Amy ChenWhile I could use this space to lecture What’s-His-Face on the intersection of A Avenue and State Street — whose business and “Hey Obama, I BUILT MY BUSINESS BY MYSELF” signs are only visible and easily-accessible due to the existence of government-maintained roads — I would rather focus on a more important topic than one man’s mixture of ego and missing-the-point.

Let’s instead focus on ego and missing-the-point among students. Including myself. But first off, let’s talk about college.

Oh, you knew I was going to write about college. I’ve written three college columns throughout the year so far. College has been sitting on my brain since elementary school.

In third grade, after watching “Orange Country,” I decided I wanted to aim for Stanford — never mind that the movie showed that people don’t have to go to top schools to be successful.

In fifth grade, I would ask my classmates where they wanted to go to college. I used to think I would fail at life if I didn’t get into a school like Stanford or the Ivies — somehow forgetting that my dad holds a degree from Oregon State University.

No, this is not normal. Or, at least, it shouldn’t be. As we neared “Ivy Day,” March 27, partially out of self-assurance and partially to assure others, I posted the following letter as my Facebook status:

“Dear Friends,

I know a lot of you are probably stressed out because it’s “Ivy Day.” Calm down. We’re going to be okay. Some things to remember:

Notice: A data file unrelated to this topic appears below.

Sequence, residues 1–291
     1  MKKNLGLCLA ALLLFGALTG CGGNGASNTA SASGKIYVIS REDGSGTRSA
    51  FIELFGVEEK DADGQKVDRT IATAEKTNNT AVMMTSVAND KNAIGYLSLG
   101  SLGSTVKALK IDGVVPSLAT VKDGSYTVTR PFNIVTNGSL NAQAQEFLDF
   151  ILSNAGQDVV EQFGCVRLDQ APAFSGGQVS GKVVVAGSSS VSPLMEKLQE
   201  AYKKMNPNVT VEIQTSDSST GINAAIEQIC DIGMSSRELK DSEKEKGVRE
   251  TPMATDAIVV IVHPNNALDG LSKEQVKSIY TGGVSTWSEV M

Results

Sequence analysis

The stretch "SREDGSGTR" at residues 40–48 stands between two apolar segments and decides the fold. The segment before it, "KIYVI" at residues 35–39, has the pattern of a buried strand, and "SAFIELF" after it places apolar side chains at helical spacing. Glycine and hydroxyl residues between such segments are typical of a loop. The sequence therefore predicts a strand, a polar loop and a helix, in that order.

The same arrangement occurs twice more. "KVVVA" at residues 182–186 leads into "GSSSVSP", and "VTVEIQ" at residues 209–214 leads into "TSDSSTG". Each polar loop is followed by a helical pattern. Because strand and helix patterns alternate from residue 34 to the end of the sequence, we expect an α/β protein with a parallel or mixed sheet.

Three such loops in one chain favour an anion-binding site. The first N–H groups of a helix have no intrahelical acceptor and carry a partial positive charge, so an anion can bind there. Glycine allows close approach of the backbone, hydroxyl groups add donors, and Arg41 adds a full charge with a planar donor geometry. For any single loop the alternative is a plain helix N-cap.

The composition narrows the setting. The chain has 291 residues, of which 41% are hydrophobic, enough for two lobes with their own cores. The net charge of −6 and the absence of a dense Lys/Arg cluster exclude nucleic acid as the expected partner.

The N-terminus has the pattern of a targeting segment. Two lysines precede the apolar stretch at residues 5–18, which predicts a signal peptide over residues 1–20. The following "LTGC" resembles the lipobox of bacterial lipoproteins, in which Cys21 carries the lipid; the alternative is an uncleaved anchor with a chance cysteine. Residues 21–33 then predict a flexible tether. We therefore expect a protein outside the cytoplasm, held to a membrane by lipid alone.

1. If you get in, colleges will tell you you’re “special.” Don’t believe it. Not because you aren’t special, but because there are people you know, love, and respect — people just as special as you — who won’t get in. Never forget that colleges are businesses. Like most businesses, they do quite a bit of marketing.

2. If you don’t get in, it’s not the end of the world. You know successful people who went to state school. You can still do brilliant things. I went to a Junot Díaz reading at Powell’s a while back. He went to a state school, and said that state school educations are underrated. He teaches at MIT. Joyce Carol Oates went to Syracuse University. She teaches at Princeton.

3. Regardless of what happens, remember that college is not a finish line. Take advantage of the opportunities given to you, wherever you end up going. And remember that there is more to success than just “making it.”

So celebrate. While you and I might be intrigued by the opportunities available at Ivies, there are opportunities available elsewhere as well. The future will be bright as long as you keep looking for ways to make it brighter.



I wanted to republish this because I know there are future generations of college applicants like me — people whose self-images have been influenced so strongly by college that admittance or denial can redeem or destroy our inner third-graders. People who need to be reminded of the bigger picture.

Fellow freaks: We need to get over ourselves. Don’t be offended. I’m one of you. Yes, we can take the time to bandage our bruised egos. But we tend to look too far forward, too often, and we should take more time to look back.

Regardless of whether or not we “got in,” we need to remember and be grateful for the people that have made it possible for us to even consider the option of going to college. Our families, that sacrifice so much for us, our friends that cheer us on, our teachers and coaches, who help us in so many ways beyond their job descriptions, and the communities that have raised and supported us — because like it or not, we didn’t build that.

And we should be grateful that others have.

Amy Chen is a senior at Lake Oswego High School, and she writes a monthly column for the Review. She can be reached at This email address is being protected from spambots. You need JavaScript enabled to view it..

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